Seven Things You Should Know About Sweet Potato/sakkaravalli kilangu in english


sweet potato health benefits, sweet potato calories, sweet potato nutrition

sweet potato

Sweet Potato Benefits: Despite the name potato, sweet potato is not related to the potato family and is completely different from the nutrients. 
   Sweet potatoes are a storage root. Nutritious, sweet potatoes are on the list of 10 superfoods that fight diabetes in the United States. 

 Although the sweet potato originated in Latin America, the Asian continent is the main major producer of its sweet potato. It is also important to note that in this growing season, sweet potatoes are the 6th most important crop after rice, wheat, potatoes, maize, and cassava.

 Its high fiber low glycemic index is 44 percent. It is almost half that of potatoes. Sweet potatoes provide useful carbohydrates for weight losers and diabetics. A 2004 study led by Dr. Berhard Ludwig, an associate professor at the University of Vienna, found significant improvements in blood glucose levels and overall improvement in glucose control after patients with type 2 diabetes were treated with sweet potatoes. 

 Also, sweet potatoes have more fiber than oatmeal when eaten with the skin. Cooking methods also affect the glycemic index of sweet potatoes. But for diabetics, some recipes are more suitable for managing blood sugar levels. For example, boiled or mashed sweet potatoes are not recommended for diabetics because they are quickly digested, thus increasing their glycemic index and are likely to raise blood sugar levels. Like fiber, fat also slows down digestion, so the best way to cook sweet potatoes for diabetics is to fry them in oil or with skin. Sweet potatoes come in a variety of skin colors, from white to yellow, orange, and dark purple. According to the American Diabetes Association, sweet potatoes are high in fiber, vitamin A, vitamin C, antioxidants such as zinc, and micronutrients such as potassium, magnesium, iron, and vitamin B, which can help manage diabetes and prevent heart attack. Also reduces the risk of stroke. Orange sweet potatoes are an important source of beta carotene, a precursor to vitamin A. 125 grams of fresh orange sweet potatoes contain enough beta carotene, which provides a preschool child with daily dependent vitamin A needs. A medium (100 g) sweet potato with skin contains four times the recommended daily allowance of vitamin A (RDA) and half the recommendation for vitamin C.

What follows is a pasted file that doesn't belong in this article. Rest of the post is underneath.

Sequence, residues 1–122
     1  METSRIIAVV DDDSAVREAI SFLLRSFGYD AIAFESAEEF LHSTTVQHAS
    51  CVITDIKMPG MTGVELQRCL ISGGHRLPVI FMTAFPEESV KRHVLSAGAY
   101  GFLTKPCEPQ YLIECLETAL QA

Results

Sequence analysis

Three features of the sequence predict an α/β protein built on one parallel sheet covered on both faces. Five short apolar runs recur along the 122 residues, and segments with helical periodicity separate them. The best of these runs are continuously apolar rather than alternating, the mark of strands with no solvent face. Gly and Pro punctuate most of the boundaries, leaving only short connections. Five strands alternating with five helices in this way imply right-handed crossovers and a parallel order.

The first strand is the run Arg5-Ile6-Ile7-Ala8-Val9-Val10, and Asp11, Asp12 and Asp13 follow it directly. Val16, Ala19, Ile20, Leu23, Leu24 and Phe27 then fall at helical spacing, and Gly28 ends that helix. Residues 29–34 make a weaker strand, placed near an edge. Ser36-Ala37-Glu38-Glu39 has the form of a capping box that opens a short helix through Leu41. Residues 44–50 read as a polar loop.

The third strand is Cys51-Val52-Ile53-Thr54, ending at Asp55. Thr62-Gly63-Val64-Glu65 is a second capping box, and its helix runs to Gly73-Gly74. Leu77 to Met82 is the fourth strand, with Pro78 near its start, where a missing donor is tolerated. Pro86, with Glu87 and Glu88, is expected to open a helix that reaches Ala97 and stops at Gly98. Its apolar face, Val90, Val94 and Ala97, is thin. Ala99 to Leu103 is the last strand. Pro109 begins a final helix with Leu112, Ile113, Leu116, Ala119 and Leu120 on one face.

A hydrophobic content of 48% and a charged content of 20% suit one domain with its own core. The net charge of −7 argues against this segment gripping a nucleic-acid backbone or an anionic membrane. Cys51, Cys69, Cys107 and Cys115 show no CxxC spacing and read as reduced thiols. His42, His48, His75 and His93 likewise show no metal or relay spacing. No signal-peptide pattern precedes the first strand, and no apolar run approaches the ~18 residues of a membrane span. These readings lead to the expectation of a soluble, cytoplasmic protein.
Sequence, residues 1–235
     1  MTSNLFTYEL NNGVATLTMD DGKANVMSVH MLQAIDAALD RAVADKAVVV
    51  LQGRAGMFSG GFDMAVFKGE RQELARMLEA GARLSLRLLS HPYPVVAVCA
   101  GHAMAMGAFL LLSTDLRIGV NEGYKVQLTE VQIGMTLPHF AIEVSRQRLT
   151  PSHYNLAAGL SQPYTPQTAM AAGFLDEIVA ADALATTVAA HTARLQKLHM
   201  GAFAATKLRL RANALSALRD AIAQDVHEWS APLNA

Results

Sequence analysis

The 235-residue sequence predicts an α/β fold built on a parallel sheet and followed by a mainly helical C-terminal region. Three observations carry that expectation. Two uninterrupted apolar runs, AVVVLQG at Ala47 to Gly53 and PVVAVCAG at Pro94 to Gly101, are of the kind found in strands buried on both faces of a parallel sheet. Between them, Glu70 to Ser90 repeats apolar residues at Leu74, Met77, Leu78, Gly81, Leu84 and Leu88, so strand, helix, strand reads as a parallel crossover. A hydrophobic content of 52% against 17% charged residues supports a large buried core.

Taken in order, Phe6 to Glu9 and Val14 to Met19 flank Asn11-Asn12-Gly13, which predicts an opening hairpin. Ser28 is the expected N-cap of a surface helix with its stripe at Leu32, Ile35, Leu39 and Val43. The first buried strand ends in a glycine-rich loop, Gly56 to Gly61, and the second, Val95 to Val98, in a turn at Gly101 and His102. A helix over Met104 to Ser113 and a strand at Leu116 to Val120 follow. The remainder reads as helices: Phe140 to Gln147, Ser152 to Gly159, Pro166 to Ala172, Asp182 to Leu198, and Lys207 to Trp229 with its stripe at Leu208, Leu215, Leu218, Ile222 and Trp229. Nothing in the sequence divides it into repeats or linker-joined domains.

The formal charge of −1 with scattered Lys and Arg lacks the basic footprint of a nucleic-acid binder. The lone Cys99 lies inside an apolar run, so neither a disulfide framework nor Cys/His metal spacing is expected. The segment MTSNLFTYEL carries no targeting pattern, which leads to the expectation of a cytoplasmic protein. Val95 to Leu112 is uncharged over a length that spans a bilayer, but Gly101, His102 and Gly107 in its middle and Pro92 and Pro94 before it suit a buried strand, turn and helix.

The nutrients in sweet potatoes are also beneficial for those suffering from obesity. Reduces high cholesterol and high blood pressure. An animal study conducted in 2011 by the School of Medicine and Life Sciences at Zhejiang University City College in China found that purple sweet potato flavonoids lower blood glucose and lipid levels. Sweet potatoes, a staple food source for ancient peoples, have also been found to have anti-cancer properties. 

 The anthocyanins that give purple color to sweet potatoes are powerful bioavailable antioxidants that, overall, make sweet potatoes a healthy source of carbohydrates. Do not forget to use these instead of other carbohydrates.

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